NATIVE REMOVAL WRITING: NARRATIVES OF PEOPLEHOOD, POLITICS AND WAR by Sabine N. Meyer, University of Oklahoma Press, paperback, 302 pages, $29.95

Sabine N. Meyer is professor of American Studies at the University of Bonn, Germany, an impressive pinnacle from which to survey her American cousins; her previous book is We Are What We Drink: The Temperance Battle in Minnesota. In Native Removal Writing: Narratives of Peoplehood, Politics and War, a large compendium from a multitude of sources, Meyer joins a century or more of European academics fascinated by the study of Native Americans. Germany in particular recognized the vital importance of this topic, while we here in the U.S. had not yet overcome the memory of our efforts at extermination.

Her decade of research has resulted in a compilation of synopses of Native writing across all categories rather than in an anthology of the writings themselves. I am uneasy about this appropriation, because a synopsis may not convey the writer’s tone, no matter how skillful and necessary as a basis for Meyer’s sensitive and well-informed conclusions. Although this volume is not entertaining, it is well-written and fast-paced and will reward readers who have more than a cursory interest in these subjects.

Beginning with an overview of Indian removal — the federal government’s forced uprooting of more than 80,000 Cherokees, Chickasaws, and Seminoles from their Southeastern homelands to permanent exile in Oklahoma, along the Trail of Tears — Meyer starts with an account of the 2016 uprising at Standing Rock and the use of “speeches, blogs, editorials and tweets” to convey Native stories, ephemeral by nature and not always preserved, even here. However, her inclusion of the contemporary issues of Native removal, dated in some accounts as ending in the 1840s, is worth the reader’s attention because the relevance today of these events is not always understood.

As an example of Native writing, she mentions Joy Harjo’s retelling of the Indian removal story in the prologue to her 2009 collection of poems, An American Summer. A mention, of course, can’t recreate the quality of the poems themselves and tends to view poetry and fiction as solely a reaction to the federal government rather than having artistic merit of their own.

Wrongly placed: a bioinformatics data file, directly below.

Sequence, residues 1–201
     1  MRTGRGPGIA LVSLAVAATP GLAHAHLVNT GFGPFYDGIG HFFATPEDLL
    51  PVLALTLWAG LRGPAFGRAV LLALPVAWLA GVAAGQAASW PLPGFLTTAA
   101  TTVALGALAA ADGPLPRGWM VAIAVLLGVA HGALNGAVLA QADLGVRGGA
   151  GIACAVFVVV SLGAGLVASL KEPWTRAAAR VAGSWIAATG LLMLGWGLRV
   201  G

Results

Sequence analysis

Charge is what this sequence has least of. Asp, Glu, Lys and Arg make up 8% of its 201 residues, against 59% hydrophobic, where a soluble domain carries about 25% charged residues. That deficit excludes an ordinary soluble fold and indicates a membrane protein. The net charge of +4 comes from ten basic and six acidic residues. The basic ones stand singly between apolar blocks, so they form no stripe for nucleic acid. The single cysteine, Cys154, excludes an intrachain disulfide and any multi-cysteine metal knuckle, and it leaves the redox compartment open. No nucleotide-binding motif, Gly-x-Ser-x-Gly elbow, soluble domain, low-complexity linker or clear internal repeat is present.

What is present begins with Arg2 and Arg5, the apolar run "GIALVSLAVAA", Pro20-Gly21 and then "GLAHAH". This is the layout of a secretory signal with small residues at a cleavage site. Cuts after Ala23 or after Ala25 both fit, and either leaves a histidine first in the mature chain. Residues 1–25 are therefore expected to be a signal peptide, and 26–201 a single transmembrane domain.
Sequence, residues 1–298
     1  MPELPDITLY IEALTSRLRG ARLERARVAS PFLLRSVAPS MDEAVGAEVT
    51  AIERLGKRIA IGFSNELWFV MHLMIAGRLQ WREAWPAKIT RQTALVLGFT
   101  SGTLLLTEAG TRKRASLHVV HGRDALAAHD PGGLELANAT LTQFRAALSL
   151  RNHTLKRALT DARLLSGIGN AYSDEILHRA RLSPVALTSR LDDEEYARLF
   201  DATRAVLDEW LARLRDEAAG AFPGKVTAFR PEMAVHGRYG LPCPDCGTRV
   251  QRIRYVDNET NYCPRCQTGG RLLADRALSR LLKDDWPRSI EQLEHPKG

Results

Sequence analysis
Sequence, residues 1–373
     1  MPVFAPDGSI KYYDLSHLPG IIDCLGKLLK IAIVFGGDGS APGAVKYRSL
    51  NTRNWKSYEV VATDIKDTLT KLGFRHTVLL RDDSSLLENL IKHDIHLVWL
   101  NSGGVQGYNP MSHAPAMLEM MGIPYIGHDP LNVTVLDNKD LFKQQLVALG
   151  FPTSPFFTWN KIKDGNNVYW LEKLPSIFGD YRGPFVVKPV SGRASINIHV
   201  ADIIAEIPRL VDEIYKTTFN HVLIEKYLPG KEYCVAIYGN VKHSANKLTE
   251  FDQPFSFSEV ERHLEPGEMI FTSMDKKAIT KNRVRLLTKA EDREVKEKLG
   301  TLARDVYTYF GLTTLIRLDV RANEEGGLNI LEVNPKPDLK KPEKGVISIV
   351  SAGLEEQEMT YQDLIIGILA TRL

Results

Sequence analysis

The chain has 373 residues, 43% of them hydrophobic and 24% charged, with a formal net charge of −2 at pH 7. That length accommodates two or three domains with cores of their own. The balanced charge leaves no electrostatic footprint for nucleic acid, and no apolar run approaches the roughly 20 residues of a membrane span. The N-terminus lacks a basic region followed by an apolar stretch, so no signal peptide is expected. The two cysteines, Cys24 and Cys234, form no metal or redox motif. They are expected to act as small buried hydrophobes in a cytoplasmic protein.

Copyright and permission problems may have intervened, as well as the familiar scholarly preference for paraphrase in order to stress the historical context.

Chapter headings evoke crucial consideration of such topics as “Native Visions of Belonging.” In this context, the writings of Cherokee politicians are mentioned, as well as John Ridge’s 1854 novel, The Life and Adventures of Joaquín Murieta, which Meyer calls “The first novel ever written by a Native American.” However, the flavor of the novel is lost.

Meyer’s reliance on European forms, such as the novel, to dissect Native American writing is a reoccurring issue. Natives used many other forms to tell their stories, such as beadwork, petroglyphs, and painting. But these forms do not fit European models.

Meyer attempts to correct this lacunae, divorcing herself from earlier academic analyses that saw Native writing solely as responses to “the external challenges posed by U.S. Indian law and policies.” Her corrections are timely and important, as is her skillful weaving of many paraphrases into a convincing historical survey.

I found Chapter Four, titled “Cherokee Blood,” particularly interesting. Here Meyer refers to two recent novels, Abraham’s Well (2006) and Cold Running Creek (2007) by, respectively, Sharon Ewell Foster and Zelda Lockhart, both of African Native ancestry. These novels tell the stories of enslaved Cherokees and Choctaws, forced with their Native masters along the Trail of Tears. The novels “focus on the twice marginalized” — as enslaved people forced to leave their land — expanding the scope of this survey.

Finally, in a long reflection on Gerald Vizenor’s 2012 novel, Chair of Tears, Meyer concludes that “Native stories are superior to Western historiography” because they replace “narratives of victimry.” Grounded in sound research, these narratives succeed in creating “imaginary worlds in which the supposedly impossible becomes possible.”

Most of this knowledgeable volume concerns the Cherokees and other formerly Southeastern tribes, a disappointment, perhaps, to readers here. Yet, Meyer’s summation in her epilogue applies to all Native stories: “They are unbound. They have the power to imagine the disruption and dismantling of forms of subjectivity imposed by the settler story.” She is aware of the limitations of an academic approach, quoting the narrator in Chair of Tears: “Only in a Native trickster story would my cousin (Shammer) be named an academic administrator.”